THE BLUE PAVILIONS
BACK AT THE BLUE PAVILIONS.
Four weeks afterwards Tristram was put into a boat and taken up to London, whence after two days' rest he was removed by easy stages home to Harwich.
At the gate of Captain Barker's pavilion he passed into the care of Dr. Beckerleg, who put him to bed at once and dared him to get up. As he was borne up the garden-path Sophia peeped through a chink of the little blue door; and got not another glimpse of her lover for another six weeks.
It was a soft and sunny morning in October month when Dr. Beckerleg, having given his patient leave to dress and set foot outside the door for the first time, stepped down into the garden to seek the two captains and send them upstairs to help the invalid.
As he opened the front-door a searching odour caused him to pause in the porch and sniff. He traced this odour round to the back of the house, and there found Captain Barker, Captain Runacles and Narcissus Swiggs. Between them they had managed to clear the garden of an enormous crop of weeds, of which they were now making a bonfire. Behind the thick and yellowish coils of smoke Dr. Beckerleg could just discern the forms of the two captains. By their gestures they seemed to be engaged in an acrimonious discussion. Narcissus, little heeding, stolidly poked the bonfire with a charred stake.
"I will not!" said Captain Runacles.
"But I say that you shall!" said Captain Barker.
"The lad is yours, and yours only."
"He is yours also."
"By a cast of dice you won him."
"By law he was given back to you."
"You have brought him up."
"You found him again when I lost him."
"Yes, by means of an art which you taught him."
"Gentlemen, gentlemen," interposed the doctor, advancing, "what is all this fuss?"
"Why," began Captain Barker, "I was proposing that, for the future, we should take equal shares in the superintendence of Tristram's education; and he won't listen to it."
"Certainly I won't," Captain Runacles assented stoutly.
The doctor looked from one to the other with a good-humoured smile.
"And why won't you?" he asked, addressing Captain Jemmy.
"Why won't I? Because, as you are aware—for you were present—we once cast the dice over this boy, and Jack won."
"You know he did. He flung two sixes. Bless my heart, doctor, you must remember that!"
"I do, perfectly. And you—what did you throw?"
"You threw the dice, and the box with 'em, out of the window: that's what you did."
"Very well, then. That settles it. I don't back out of my luck."
"Gentlemen," said Dr. Beckerleg, clearing his throat, "I have something to tell you. It is a fact, and I don't pretend to explain it. You know the proverb about doctors and their unbelief. Well, if I had been inclined—and I am not—to deny a controlling wisdom in this scheme of things, I should have been startled somewhat when Captain Barker flung those two sixes. That apparent chance should give an approval so decided to Captain Barker's adoption of this orphan child was, to say the least, remarkable: for I thought then, and now I am sure, that no better father could be found for the babe."
"That's what I say," Captain Runacles put in.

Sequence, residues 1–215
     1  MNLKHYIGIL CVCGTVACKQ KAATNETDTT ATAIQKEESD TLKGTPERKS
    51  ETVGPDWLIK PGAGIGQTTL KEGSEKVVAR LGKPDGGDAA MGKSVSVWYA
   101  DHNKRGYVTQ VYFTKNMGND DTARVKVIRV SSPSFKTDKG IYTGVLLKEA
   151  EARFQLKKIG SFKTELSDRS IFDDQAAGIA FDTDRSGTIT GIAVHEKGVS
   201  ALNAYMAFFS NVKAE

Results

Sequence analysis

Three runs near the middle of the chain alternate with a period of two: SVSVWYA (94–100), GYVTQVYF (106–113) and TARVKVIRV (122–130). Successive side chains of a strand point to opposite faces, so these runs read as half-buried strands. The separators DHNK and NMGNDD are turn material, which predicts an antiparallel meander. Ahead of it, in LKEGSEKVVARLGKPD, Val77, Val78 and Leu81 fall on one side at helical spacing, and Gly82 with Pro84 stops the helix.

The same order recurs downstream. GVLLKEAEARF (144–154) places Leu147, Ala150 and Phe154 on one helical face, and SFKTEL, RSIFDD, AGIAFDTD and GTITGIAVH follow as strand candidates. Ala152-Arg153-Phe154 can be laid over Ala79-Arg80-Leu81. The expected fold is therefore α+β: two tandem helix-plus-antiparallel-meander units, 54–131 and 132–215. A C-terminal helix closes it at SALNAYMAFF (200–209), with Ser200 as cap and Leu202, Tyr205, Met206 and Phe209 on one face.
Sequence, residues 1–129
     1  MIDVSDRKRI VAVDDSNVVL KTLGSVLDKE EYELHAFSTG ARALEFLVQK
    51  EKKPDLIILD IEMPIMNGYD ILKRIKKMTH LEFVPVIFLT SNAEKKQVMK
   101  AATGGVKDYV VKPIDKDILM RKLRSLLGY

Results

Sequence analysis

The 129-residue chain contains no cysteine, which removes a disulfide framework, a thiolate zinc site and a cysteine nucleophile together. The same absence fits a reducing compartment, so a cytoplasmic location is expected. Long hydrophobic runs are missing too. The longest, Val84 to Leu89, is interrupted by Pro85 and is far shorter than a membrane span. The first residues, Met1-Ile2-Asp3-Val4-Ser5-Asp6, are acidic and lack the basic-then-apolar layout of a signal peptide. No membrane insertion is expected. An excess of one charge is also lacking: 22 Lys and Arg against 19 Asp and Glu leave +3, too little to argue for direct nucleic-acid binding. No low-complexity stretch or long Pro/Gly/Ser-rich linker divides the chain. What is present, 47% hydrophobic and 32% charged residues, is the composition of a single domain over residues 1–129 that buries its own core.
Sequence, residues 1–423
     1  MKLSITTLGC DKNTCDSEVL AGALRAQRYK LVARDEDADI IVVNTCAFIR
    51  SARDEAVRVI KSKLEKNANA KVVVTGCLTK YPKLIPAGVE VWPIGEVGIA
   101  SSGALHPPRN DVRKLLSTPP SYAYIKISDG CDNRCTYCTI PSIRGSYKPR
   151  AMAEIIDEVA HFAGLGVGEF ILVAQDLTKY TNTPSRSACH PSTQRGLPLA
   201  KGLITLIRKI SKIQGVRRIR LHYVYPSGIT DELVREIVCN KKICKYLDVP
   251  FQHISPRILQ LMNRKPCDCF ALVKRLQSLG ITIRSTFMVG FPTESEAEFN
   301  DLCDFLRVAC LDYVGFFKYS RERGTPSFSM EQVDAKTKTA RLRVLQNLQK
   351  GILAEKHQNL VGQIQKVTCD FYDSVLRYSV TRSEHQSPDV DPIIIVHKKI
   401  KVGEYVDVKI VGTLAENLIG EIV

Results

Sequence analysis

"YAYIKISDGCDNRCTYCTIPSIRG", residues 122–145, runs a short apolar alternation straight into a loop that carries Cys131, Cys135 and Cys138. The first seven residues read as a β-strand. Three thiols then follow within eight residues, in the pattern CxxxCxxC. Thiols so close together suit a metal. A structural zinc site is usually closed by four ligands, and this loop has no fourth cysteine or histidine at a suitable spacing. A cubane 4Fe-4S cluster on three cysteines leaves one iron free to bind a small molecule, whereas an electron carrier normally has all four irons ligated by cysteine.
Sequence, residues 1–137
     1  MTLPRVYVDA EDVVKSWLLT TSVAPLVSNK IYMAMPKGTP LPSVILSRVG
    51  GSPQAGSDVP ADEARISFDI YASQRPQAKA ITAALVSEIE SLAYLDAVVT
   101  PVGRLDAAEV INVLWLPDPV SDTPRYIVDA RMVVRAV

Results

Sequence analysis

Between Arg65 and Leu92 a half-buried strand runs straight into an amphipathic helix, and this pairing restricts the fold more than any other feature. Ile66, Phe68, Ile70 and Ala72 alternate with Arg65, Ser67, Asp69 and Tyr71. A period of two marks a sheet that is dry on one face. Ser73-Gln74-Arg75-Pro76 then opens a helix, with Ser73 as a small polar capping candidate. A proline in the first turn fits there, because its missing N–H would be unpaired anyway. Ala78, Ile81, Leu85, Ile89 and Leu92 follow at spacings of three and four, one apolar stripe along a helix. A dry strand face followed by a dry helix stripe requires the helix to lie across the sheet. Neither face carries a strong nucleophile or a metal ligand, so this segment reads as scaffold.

"Do not interrupt me, please. I say no better father could be found. I did not say that none could be found as good. My dear Runacles, you tossed the dice out of the window and flounced off in a huff. As they had been borrowed, and without their owner's consent, I thought fit to step across the street and pick them up. They were lying not a yard apart in the gutter. You were wrong, captain, in not giving them a look."
"Simply because, as they lay, two sixes were uppermost."
The two captains stared at him.
"I give you my word," he said quietly.
"My dear Jack—"
"That settles it, Jemmy."
They took each other's hand.
"But excuse me," said Dr. Beckerleg, "this is not what I came to tell you. Just now I have given Tristram leave to stroll out into the garden for an hour and he is waiting for you to dress him."
But here the doctor made a mistake, for when they went upstairs there was no sign of Tristram. He and his clothes had disappeared.
They ran down to the front-door and looked around. There was no sign of him.
Finally Dr. Beckerleg advanced to the little blue door in the hedge, opened it, and poked his head into Captain Runacles' garden. Then he turned softly and, putting a finger to his lip, beckoned to the others. They advanced on tip-toe and peeped through.
Beside a garden-bed, half a dozen yards away, and with their backs to the door, knelt Sophia and Tristram. The youth's left arm was around the girl's waist, and the youth's hair mingled with the girl's as unconscious of observation they bent over the mould. It was the same mould in which Sophia, years before, had buried her doll, and now Tristram was helping Sophia to sprinkle it with pepper-cress seed; holding her right hand as she traced this:
The watchers withdrew as softly as they had advanced. But on his way back to the bonfire Captain Barker darted into the house and emerged again with an armful of green volumes.
"What's the meaning of this?" asked Dr. Beckerleg.
The little man trotted round and shot his burden right on top of the pile which Narcissus had by this time stirred into a blaze.
"There doesn't seem to be any further use for 'em," he explained, panting and running back to the house.
He fetched another armful, and then another; and as he discharged the last upon the bonfire, turned and laid a hand upon Captain Runacles' arm.
"Jemmy, old friend, we needn't to have made such a fuss about it, after all."